A Rose for Emily: Characterization
A Rose for Emily characterization describes the strategies a writer uses to develop characters. In the story A Rose for Emily William Faulkner uses characterization to expose the character of Miss Emily. He expresses the material of her character through physical description, through her actions, words, and feelings, through a storyteller’s direct remarks about the character’s nature, and through the actions, words, and feelings, of other characters. Faulkner best uses characterization to examine the theme of the story, too much pride can end in bloodthirsty madness.
Miss Emily, the primary character of this story, lives for many years as a recluse, somebody who has actually withdrawn from a community to live in seclusion. “No visitor had passed because she ceased providing china-painting lessons 8 or 10 years earlier” (253-254). Faulkner defines Miss Emily’s effort to remove herself from society through her actions. “After her dad’s death she headed out extremely little; after her sweetie disappeared, individuals hardly saw her at all” (254 ).
The death of her dad and the shattered relationship with her sweetheart contributed to her privacy. Though her daddy was accountable for her ending up being a recluse, her pride likewise added to her privacy. “None of the boys were rather good enough for Miss Emily and such” (225 ). Faulkner utilizes the feelings of other characters to show Miss Emily’s pride. Her pride has actually kept her from socializing with other members of the neighborhood hence reinforcing her singular. But Miss Emily’s dad is still accountable for her being a hermit.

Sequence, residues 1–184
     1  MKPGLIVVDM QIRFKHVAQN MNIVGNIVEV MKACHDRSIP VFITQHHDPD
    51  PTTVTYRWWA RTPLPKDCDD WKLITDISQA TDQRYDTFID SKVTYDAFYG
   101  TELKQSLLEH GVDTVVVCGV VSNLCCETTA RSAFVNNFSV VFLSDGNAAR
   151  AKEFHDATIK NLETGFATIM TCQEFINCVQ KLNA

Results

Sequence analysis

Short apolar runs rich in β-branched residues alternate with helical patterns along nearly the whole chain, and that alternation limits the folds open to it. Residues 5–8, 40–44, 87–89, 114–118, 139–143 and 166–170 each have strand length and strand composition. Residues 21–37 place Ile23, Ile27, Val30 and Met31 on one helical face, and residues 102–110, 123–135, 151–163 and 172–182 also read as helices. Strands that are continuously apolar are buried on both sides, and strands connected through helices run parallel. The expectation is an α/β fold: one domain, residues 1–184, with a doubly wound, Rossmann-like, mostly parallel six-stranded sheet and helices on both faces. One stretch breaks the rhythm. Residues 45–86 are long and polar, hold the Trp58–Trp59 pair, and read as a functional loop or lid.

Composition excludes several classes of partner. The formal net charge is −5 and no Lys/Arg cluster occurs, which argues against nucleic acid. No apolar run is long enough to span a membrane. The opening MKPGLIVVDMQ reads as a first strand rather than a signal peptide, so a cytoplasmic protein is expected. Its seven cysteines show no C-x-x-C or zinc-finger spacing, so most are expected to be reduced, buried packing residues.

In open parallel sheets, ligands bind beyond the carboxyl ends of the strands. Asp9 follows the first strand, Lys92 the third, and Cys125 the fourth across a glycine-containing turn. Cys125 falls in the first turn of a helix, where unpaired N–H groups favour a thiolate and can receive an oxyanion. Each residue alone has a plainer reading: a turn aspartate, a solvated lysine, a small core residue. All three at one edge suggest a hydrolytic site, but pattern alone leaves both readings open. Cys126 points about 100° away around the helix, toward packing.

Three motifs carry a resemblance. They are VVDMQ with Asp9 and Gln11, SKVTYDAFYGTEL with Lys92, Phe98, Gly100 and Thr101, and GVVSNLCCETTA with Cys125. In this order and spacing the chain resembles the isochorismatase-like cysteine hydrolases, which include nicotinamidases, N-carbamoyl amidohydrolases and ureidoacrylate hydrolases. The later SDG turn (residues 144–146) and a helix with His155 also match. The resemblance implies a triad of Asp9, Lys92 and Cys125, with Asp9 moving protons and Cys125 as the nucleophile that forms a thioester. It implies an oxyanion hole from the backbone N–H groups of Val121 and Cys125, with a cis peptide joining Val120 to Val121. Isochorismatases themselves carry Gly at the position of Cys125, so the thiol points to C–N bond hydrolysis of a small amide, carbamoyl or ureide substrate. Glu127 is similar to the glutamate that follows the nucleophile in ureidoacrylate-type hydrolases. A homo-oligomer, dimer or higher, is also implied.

Her father’s over-protection appears in this passage, “We kept in mind all the young men her father had actually driven away, and we understood that with absolutely nothing left, she would have to hold on to that which had robbed her, as people will” (256 ). Her daddy robs her from a number of life’s requirements. She misses out on having buddies, being a typical “lady,” and her ability to be delighted. Emily is so utilized to having her father be there for her, she figures that by keeping his body he can still be part of her life.
If he had not decline the guys who wished to go out with Miss Emily, she may have not gone bananas. Miss Emily may have desired privacy, however her heart stuck around for companionship. Her desire for love and friendship drove her to murder Homer Baron. She knew her intentions when she bought the arsenic toxin. “Then we observed that in the second pillow was the imprint of a head” (260 ). Her inmost feelings and hidden yearnings were depending on the bed. Miss Emily’s pride resulted in the shocking murder of Homer Baron.
She kept Homer’s body so long due to the fact that she feels that she has finally achieved something in her life. Faulkner’s usage of characterization to describe Miss Emily and her intentions was victorious in bring the story to life. Miss Emily’s pride was expressed through her actions, words, and feelings, through a narrator’s direct remarks about the character’s nature, and through the actions, words, and sensations, of other characters. Miss Emily’s story constitutes a caution against the sin of pride: heroic seclusion pressed too far ends in homicidal insanity.